There was relative silence in India when the #MeToo movement hit the Western countries hard after American film producer Harvey Weinstein was accused of sexual misconduct by several women about a year ago. It’s not that the viral social media campaigns against sexual harassment and sexual assault, especially in the workplace, didn’t reach the subcontinent. It did, and a few people even opened up about the traumatic ordeal they have had in the hands of sexual predators. But it failed to make an impact big enough to embolden those who had been living with fear, pain, and shame and anger for years to speak up. But the long silence has been broken now with more and more women joining the conversation in the past couple of weeks by sharing their traumatic stories on social media, something that many powerful men may have thought would not happen. The movement has now provided voice to the voiceless, giving the once helpless victims to take on the mighty without fear. It is now clear: women irrespective of their profession—entertainment, corporate world, or the media—have suffered sexual harassment at work places. The media, which is supposed to fight for the rights of individuals (women) and to create awareness about social issues, is also gripped by the movement after women journalists spoke about bad experiences with their superiors in work places. The magnitude of the movement shows that the Sexual Harassment of Women at Workplace (Prevention, Prohibition and Redressal) Act, 2013, which seeks to protect women from sexual harassment in workplaces, might not be as helpful as expected, suggesting that the law can be expanded.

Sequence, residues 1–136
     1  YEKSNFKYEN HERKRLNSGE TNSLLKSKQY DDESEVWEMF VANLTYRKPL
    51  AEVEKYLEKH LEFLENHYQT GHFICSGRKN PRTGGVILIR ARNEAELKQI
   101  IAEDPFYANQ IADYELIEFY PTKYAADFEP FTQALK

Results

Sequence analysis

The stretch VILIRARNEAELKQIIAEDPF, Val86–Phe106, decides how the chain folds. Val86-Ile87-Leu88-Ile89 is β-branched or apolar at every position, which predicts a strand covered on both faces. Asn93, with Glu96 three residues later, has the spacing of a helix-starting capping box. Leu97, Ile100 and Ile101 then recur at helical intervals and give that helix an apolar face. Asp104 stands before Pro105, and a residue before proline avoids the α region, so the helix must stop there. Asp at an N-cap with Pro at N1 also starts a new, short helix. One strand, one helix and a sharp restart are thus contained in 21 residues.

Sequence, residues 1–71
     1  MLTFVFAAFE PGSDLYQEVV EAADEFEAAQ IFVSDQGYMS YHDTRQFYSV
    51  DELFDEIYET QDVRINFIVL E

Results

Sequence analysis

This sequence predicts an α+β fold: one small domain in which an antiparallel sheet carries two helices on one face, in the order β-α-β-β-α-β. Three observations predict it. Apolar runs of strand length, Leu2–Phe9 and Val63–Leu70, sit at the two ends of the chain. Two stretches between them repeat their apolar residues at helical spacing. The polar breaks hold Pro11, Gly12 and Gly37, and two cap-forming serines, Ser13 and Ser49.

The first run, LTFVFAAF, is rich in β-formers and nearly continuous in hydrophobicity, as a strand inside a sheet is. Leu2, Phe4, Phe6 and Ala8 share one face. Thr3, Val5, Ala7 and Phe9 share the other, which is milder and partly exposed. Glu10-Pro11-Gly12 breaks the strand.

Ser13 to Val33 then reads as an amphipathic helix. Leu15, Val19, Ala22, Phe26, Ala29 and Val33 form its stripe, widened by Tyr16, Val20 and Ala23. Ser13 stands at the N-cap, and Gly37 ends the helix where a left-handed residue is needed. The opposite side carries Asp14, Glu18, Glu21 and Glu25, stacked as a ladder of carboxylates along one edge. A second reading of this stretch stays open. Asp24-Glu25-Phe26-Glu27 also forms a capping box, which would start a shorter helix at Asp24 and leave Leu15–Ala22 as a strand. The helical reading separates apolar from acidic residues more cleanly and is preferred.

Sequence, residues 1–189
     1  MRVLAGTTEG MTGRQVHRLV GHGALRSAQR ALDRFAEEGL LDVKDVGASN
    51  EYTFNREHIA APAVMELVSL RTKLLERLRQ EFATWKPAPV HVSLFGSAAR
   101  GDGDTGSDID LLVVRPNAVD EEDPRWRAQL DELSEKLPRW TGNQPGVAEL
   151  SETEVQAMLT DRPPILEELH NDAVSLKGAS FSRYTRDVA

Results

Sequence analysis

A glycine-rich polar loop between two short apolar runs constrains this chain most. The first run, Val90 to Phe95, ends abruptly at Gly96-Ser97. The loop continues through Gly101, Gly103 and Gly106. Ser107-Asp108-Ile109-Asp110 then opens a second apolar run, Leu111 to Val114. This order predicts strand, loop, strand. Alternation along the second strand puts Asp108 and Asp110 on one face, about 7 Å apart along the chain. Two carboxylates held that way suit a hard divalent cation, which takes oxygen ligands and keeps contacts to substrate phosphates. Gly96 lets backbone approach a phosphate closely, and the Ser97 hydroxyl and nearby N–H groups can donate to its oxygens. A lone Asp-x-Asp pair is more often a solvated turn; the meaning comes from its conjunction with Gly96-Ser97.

Some may ask why the victims, including the educated, took that many years to reveal the pain they have had to go through; why they did not complain when the incident happened then. Well, years may have passed but traumatic experiences like sexual harassment can remain fresh in the minds of victims. Speaking out after silently suffering alone for long may at least give them some relief and make them feel empowered again. And they have every right to speak against sexual predators. After all, any time is good and appropriate to reveal social evils. Choosing instant gratification by shaming men on social media rather than taking the course of legal action can be a matter of worry for both sides because one can’t rule out cases of false allegations too. However, that doesn’t take away the merit of the #MeToo movement, which has given courage to women to speak about their ordeal despite that it might cost them their career, or harm reputation, and even attract social stigma especially in a conservative country like ours. Many women are now comfortable talking about their suffering and trauma in public, which is needed to build a just society. The new-found courage will at least knock male entitlement out of the heads of some evil-minded individuals.